Vulnerabililty Analysis of Multi-Factor Authentication Protocols

Garrett, Keith 01 January 2016 (has links)
In this thesis, the author hypothesizes that the use of computationally intensive mathematical operations in password authentication protocols can lead to security vulnerabilities in those protocols. In order to test this hypothesis: 1. A generalized algorithm for cryptanalysis was formulated to perform a clogging attack (a formof denial of service) on protocols that use computationally intensive modular exponentiation to guarantee security. 2. This technique was then applied to cryptanalyze four recent password authentication protocols, to determine their susceptibility to the clogging attack. The protocols analyzed in this thesis differ in their usage of factors (smart cards, memory drives, etc.) or their method of communication (encryption, nonces, timestamps, etc.). Their similarity lies in their use of computationally intensivemodular exponentiation as amediumof authentication. It is concluded that the strengths of all the protocols studied in this thesis can be combined tomake each of the protocols secure from the clogging attack. The conclusion is supported by designing countermeasures for each protocol against the clogging attack.

An Exploratory Study of the Approach to Bring Your Own Device (BYOD) in Assuring Information Security

Santee, Coleen D. 01 January 2017 (has links)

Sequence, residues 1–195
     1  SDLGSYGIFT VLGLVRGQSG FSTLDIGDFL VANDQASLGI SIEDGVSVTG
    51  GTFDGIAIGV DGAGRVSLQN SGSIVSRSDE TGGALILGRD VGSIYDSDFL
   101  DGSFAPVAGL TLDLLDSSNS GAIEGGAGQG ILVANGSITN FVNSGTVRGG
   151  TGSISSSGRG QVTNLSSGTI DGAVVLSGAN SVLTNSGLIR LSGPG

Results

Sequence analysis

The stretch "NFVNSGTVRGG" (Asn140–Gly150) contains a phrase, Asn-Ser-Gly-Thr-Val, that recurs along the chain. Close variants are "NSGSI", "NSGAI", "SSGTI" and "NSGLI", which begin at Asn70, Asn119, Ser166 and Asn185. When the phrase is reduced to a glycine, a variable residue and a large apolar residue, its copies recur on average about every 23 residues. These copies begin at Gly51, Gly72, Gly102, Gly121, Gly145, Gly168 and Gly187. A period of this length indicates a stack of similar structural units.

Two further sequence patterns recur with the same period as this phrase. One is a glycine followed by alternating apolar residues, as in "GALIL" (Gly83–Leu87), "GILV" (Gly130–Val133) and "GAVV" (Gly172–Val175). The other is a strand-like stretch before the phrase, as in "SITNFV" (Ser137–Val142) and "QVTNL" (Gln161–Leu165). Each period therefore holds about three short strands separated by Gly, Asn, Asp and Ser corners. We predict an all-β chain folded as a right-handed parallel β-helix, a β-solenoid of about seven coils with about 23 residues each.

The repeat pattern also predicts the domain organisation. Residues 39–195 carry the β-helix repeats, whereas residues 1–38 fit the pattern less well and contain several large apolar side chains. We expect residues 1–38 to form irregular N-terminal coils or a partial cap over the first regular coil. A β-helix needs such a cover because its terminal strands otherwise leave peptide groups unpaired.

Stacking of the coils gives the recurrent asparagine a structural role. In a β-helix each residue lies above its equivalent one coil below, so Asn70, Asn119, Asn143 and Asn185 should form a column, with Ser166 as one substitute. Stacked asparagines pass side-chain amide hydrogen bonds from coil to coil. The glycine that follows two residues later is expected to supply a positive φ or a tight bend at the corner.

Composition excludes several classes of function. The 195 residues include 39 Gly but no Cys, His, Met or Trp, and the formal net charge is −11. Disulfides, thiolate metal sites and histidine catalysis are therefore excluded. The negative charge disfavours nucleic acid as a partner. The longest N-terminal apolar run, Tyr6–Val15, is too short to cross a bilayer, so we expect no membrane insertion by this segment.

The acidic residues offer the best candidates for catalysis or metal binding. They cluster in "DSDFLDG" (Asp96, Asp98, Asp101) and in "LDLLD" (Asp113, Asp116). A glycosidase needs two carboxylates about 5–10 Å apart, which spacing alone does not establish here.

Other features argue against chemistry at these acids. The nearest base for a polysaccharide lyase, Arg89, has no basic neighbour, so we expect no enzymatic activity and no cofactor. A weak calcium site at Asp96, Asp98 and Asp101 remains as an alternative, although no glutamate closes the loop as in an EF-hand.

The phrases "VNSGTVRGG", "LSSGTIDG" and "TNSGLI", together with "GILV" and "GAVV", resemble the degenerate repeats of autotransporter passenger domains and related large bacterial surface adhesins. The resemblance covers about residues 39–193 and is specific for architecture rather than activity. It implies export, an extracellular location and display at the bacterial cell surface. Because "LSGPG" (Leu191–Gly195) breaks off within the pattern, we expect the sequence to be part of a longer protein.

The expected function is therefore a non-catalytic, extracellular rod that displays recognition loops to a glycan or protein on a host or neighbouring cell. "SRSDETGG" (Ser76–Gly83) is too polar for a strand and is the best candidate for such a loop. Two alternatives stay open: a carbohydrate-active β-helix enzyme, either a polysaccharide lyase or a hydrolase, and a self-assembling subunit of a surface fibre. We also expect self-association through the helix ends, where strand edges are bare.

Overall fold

The availability of smart device capabilities, easy to use apps, and collaborative capabilities has increased the expectations for the technology experience of employees. In addition, enterprises are adopting SaaS cloud-based systems that employees can access anytime, anywhere using their personal, mobile device. BYOD could drive an IT evolution for powerful device capabilities and easy to use apps, but only if the information security concerns can be addressed. This research proposed to determine the acceptance rate of BYOD in organizations, the decision making approach, and significant factors that led to the successful adoption of BYOD using the expertise of experienced internal control professionals. The approach and factors leading to the decision to permit the use of BYOD was identified through survey responses, which was distributed to approximately 5,000 members of the Institute for Internal Controls (IIC). The survey participation request was opened by 1,688 potential respondents, and 663 total responses were received for a response rate of 39%. Internal control professionals were targeted by this study to ensure a diverse population of organizations that have implemented or considered implementation of a BYOD program were included. This study provided an understanding of how widely the use of BYOD was permitted in organizations and identified effective approaches that were used in making the decision. In addition, the research identified the factors that were influential in the decision making process. This study also explored the new information security risks introduced by BYOD. The research argued that there were several new risks in the areas of access, compliance, compromise, data protection, and control that affect a company’s willingness to support BYOD. This study identified new information security concerns and risks associated with BYOD and suggested new elements of governance, risk management, and control systems that were necessary to ensure a secure BYOD program. Based on the initial research findings, future research areas were suggested.